Eurozone: relief after German ruling

The judges ruled that aid package resolutions cannot be automatic and may not infringe on the decision-making rights of parliament. Aid packages have to be clearly defined, and members of parliament must be given the opportunity to review the aid and also stop it if needed, the ruling said. "The government is obligated in the cases of large expenditures to get the approval of the parliamentary budget committee," Vosskuhle said.

The court said that check and balance was needed to ensure parliament retained its sovereignty over the budget, which it described as a "fundamental element" of democratic self-determination.

Extrait de: German high court upholds bailouts, David Mchugh, The Associated Press, Wednesday, Sep. 07, 2011

Germany's high court on Wednesday upheld the country's participation in euro zone bailout funds, but ruled that parliament should be more involved in such decisions.

The ruling means that while Germany's agreement to take part in the financial rescue of Greece will not be affected, participation in future bailouts might become more complicated.

Presiding Judge Andreas Vosskuhle said even though the Federal Constitutional Court had rejected lawsuits arguing that Germany's participation had violated parliament's right to control spending of taxpayer money, it was not giving a rubber-stamp to the chancellor's office.

The verdict “should not be misinterpreted as a constitutional blank check for further rescue packages,” Judge Vosskuhle told the court.

In a rushed vote, Germany's parliament agreed to join in the May 2010 bailout of Greece to keep it from defaulting on its debts, and to back the €440-billion ($620-billion U.S.) European Financial Stability Facility with some €147-billion in loan guarantees.

Eurozone: relief after German ruling


Germany’s powerful constitutional court has rejected a series of challenges to the eurozone financial rescue packages agreed last year for Greece and other debt-strapped members of the eurozone. Quentin Peel, chief Germany correspondent, says it is a good result for German chancellor Angela Merkel but the long term problems for the eurozone won't go away.  (1m 44sec

In future, Judge Vosskuhle said there should be greater involvement from parliament in such decisions.

“The government is obligated in the cases of large expenditures to get the approval of the parliamentary budgetary committee,” Judge Vosskuhle said.

The suits were filed by Conservative legislator Peter Gauweiler and a group of professors who challenged the bailout.

They argued that parliament's budgetary rights were undermined by the country's participation in the bailout packages, among other things.

Europe's response to the debt crisis has already been criticized as too slow, and additional requirements to consult parliament could slow the fund's reaction time to the crisis.


European leaders agreed to increase the bailout fund's flexibility at a July 21 summit, giving it the right to buy the bonds of financially weak governments, help recapitalize banks, and quickly loan money to countries before they get into a full-blown debt crisis.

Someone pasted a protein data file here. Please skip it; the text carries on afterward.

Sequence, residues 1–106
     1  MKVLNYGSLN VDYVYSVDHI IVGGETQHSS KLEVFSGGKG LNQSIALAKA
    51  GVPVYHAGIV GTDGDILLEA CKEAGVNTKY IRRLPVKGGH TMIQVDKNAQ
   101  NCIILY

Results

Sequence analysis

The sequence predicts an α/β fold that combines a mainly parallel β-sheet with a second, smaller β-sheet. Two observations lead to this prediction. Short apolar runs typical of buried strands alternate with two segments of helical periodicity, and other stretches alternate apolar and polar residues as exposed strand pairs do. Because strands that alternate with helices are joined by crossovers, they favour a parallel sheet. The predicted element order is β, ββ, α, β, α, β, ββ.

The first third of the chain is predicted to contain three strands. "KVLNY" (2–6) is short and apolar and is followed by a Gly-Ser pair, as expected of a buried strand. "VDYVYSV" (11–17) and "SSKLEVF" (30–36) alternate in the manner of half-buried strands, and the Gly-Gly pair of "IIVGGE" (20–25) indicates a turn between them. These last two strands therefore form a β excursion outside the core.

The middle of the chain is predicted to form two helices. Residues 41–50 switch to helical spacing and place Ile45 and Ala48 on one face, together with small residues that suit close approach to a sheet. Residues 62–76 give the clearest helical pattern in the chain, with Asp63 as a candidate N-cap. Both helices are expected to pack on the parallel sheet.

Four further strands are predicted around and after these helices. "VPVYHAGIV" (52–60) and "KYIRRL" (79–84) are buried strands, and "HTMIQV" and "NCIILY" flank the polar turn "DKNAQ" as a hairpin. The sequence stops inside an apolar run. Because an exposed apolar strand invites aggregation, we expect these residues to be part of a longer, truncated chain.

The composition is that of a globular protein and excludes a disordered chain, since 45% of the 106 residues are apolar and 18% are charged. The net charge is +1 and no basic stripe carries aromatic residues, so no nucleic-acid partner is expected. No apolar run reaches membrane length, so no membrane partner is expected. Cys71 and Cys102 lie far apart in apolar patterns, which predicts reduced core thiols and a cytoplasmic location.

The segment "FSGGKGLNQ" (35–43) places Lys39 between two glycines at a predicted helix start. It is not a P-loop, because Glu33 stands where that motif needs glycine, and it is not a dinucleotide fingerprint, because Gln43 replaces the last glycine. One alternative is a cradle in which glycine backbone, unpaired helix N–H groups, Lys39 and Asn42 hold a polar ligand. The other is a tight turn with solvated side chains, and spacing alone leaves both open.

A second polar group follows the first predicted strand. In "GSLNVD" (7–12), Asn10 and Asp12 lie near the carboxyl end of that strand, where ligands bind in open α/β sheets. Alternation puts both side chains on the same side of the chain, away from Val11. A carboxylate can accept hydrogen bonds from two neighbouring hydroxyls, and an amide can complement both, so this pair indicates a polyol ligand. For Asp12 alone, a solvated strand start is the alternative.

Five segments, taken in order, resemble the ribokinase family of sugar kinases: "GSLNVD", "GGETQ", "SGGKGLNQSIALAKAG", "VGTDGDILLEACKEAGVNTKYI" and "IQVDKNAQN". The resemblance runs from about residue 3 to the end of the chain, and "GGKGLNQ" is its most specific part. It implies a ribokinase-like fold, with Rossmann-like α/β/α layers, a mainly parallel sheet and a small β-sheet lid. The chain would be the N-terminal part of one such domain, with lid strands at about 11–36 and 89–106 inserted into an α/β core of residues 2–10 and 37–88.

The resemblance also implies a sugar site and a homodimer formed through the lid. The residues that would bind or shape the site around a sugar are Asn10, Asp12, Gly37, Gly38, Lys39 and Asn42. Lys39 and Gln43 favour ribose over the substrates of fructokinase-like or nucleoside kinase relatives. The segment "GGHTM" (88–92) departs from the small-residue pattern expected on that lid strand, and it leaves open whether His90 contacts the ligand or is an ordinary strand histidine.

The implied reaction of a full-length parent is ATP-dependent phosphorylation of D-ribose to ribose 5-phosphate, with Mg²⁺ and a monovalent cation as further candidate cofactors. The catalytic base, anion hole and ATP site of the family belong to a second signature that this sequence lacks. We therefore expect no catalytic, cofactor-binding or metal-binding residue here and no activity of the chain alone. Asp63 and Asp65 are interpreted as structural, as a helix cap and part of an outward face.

But the changes have run into hurdles. Finland has demanded collateral from Greece for its contribution, leading to more negotiations, while a junior governing party in Slovakia says no vote can be held until December.

The ruling comes ahead of a vote in Germany's lower house of parliament at the end of the month on whether to increase the size and scope of the EFSF, which is widely expected to pass.

Extrait de: Eurozone: relief after German ruling, Financial Times, September 7, 2011

Something dreadful has not happened. Chinks of light in the eurozone debacle are hard to find. But the German constitutional court has delivered a smidgen of help with its ruling on Germany’s participation in the Greek rescue package.

As expected, the court dismissed eurosceptics’ claims that involvement with the package could threaten the country’s budgetary sovereignty and breach the German Basic Law. Anything else would have generated market – and political – chaos.

But the court did impose some conditions, strengthening the hand of the federal parliament. What was encouraging was the form in which it did this: rather than insist that the full Bundestag must agree before the government gives any guarantees, the court required prior approval only from the Bundestag’s budget committee. This comprises 41 MPs, with members of the ruling coalition holding a majority (22) of the seats.

Convening this committee, and taking emergency decisions at short notice, should be far easier than passing measures through the full plenary. As demonstrated often during the crisis, speed can be essential. Unwieldy processes are part of the problem – as European Union leaders who have attended umpteen emergency summits can attest. The risk of a European equivalent of the market rout that followed the defeat of the Tarp bank rescue bill in the US House of Representatives three years ago is now sharply reduced.

For the longer term, the conservative tone of the court’s decision is worrying, as is its emphatic statement that the Bundestag may not establish permanent mechanisms that would take on liability for other nations’ voluntary decisions “especially if they have consequences whose impact is hard to calculate”. Such language makes any notion of eurobonds harder to launch. But did anyone still think that these were a near-term possibility?